“Get the fuck off” I said as the bat came down on his face. Reeling backwards, he spat out a tooth. Again I started forward, raising the bat as if to strike his chest. He ran.

With the attacker gone I turned my attention to the girl who was slumped against the wall, she was almost completely naked. I gave her my shirt and jacket before checking she was alright.

“I’m OK” she said quietly, “thank you.”

Both of us sodden, I led her back to my car, back to safety.

The Police Officer

Last night, on patrol, I witnessed the most horrific crime I have ever seen. We were called to a pub on Oxford Road called The Oxford; we were told a fight had broken out. My partner, a man I had only known for a few days accepted the call. He said a simple bar fight would be a good training experience; I had only joined the force a few days before.

When we got there people were streaming through the door, as if terrified. Peter, my partner, called for backup, he said people don’t run like that from a simple bar fight. Hurrying into the pub we were immediately hit by a spray of blood. I froze.

On the floor was a dead man, his face had caved in; he must have been hit pretty hard. The assailant was still going. He had smashed a bottle and was stabbing the man in the chest repeatedly. My partner acted first, he tackled the madman to the ground and knocked the bottle out of his hand. I just stood there, I couldn’t move, I just stared at them struggling.

That’s when the backup arrived; they pulled my partner and the criminal apart and within a few minutes the pub was locked down and forensics were on their way. My partner drove me home, he said I needed a rest. I don’t want to go back there, I’m going to quit. There’s too much evil in this world.

The Slave

As I pulled my my master’s cart across his plantation back to his mansion, I pondered upon his morality. He tutored me in the ways of the English. That is, he showed me how to read and write; to speak his language; to act upon events accordingly; and to know my place in the world.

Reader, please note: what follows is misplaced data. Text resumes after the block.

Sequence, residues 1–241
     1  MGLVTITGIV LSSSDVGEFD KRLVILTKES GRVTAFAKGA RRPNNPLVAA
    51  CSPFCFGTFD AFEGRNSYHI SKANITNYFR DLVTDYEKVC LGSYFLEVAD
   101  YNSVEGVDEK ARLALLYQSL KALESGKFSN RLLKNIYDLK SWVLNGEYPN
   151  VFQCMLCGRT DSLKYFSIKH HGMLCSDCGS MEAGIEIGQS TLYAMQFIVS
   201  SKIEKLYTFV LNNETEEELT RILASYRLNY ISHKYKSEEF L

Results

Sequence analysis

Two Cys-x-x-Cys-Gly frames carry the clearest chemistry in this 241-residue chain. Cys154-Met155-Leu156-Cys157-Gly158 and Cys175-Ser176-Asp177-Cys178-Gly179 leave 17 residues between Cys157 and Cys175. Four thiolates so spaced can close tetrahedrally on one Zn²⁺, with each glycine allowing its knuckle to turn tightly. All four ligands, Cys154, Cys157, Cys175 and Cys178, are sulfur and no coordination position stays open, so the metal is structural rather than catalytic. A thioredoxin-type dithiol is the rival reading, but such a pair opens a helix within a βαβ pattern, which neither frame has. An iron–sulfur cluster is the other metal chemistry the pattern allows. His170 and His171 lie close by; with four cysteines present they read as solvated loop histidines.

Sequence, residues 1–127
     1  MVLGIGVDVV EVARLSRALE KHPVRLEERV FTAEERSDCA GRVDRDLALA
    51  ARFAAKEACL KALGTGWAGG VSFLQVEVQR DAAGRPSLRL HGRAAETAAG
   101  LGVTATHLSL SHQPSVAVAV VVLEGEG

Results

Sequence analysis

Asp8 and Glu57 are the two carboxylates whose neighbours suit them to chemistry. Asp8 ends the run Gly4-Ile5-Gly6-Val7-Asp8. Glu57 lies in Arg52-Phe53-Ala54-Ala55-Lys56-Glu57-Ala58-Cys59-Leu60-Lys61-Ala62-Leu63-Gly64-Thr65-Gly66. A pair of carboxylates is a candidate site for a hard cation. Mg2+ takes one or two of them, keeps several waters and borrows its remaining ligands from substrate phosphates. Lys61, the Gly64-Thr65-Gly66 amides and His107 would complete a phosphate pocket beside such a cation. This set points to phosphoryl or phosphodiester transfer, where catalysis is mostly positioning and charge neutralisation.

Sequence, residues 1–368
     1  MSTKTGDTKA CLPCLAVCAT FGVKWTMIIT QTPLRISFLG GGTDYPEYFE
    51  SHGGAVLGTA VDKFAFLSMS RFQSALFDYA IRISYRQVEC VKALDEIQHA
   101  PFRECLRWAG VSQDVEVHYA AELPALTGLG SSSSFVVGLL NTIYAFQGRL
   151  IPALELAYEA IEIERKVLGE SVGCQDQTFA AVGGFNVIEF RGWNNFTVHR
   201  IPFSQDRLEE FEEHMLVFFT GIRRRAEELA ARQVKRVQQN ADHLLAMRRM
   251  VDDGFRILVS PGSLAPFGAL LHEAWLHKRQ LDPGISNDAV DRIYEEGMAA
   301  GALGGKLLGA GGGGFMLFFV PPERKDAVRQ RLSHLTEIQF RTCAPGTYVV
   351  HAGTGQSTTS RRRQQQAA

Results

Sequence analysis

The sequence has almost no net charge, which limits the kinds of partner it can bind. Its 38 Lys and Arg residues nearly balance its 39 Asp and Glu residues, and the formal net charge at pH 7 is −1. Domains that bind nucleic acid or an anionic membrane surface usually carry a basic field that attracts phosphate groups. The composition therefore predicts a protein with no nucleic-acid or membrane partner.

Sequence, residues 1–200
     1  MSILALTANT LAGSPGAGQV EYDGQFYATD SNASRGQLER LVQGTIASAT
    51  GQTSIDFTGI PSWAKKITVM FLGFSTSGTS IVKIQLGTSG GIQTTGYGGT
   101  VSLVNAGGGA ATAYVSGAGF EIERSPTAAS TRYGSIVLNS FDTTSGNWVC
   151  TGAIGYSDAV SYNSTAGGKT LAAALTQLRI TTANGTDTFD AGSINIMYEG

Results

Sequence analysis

If there’s one thing I have learned from him, it is that even though I am his closest servant, possibly even friend, I am worthless to him. He would throw me away in a heartbeat; I am an animal, nothing more than a pet.

Despite this wondrous education, and possibly because of it, I despise him. How can a man of his high calibre, of his apparent moral standing, refuse to acknowledge the rights of another? Most chiefly, the right of freedom. My right to freedom!

My father, in his mother tongue, told me of our native lands. Vast, open plains filled with herds of elephants, and prides of lions! Such exaggeration from a man I have never heard, but the English have a saying, ‘there’s no smoke without fire’.

I will earn my freedom honourably, by working and pleasing my master; he may set me free if I do well enough. I won’t be drawn into violence, like so many before me, i am above that now. Maybe then I can go back to my homelands, to my Africa, to my world.

The Camper Van Man

I was playing in a field near Blackpool,
Nowhere near school,
There was a rusty old camper van,
And In it there was a man.

Sprawled on his shelf,
There’s a picture of himself,
With some children,
I think they must be his then?

He made me sit on his thigh,
I-I just said “hi”,
He said he needed a friend,
He asked for a photo to lend.

I’ve been here for days now,
He’s kept me in his van,
The man,
I don’t know how.

I was on the news last night,
It gave me quite a fright,
I’m dead…

I’m in Hell then.

What did I do wrong?
Is Mummy upset with me?
I’ll be good Mummy,
I won’t cry anymore,
I won’t try to get out the door.

Maybe If I’m good I can see you,
We can go to the park,
With Daddy too,
I’ll be like brand new.

I miss you Mummy…

Monkey Business

Trapped in a cage beneath onion-like layers of concrete, a chimpanzee starts to whine. It’s handler stamps out the already fading memories with a sharp rattle of the cage door.

“Be quiet!” he hissed “I’m not putting up with you all night again, you’re not going back so just deal with it.”

The creature crawled into the corner of it’s new world, cold and alone it drifted in and out of an uncomfortable sleep.

In the morning it would be forced to ingest a new drug used to treat mild cases of acne; it will react badly to the medicine. Around midday it will develop a rash on it’s feet. By seven o’clock it will be dead, on it’s way to the incinerator; it’s replacement is already on the way.

The Knife

The pavement passed beneath me,

The cracks avoid my feet,

Two people meet along the path,

And blistering cold, all three.


One pulled The Knife upward, shout!

I stopped so deathly still,

The cracks began to shine The Red,

His shivering stopped, no doubt.


The knife, deadly, frightened all,

A Devil’s silver tongue,

Short, and sharp, and glist’ning bright,

A crumbling man, once tall.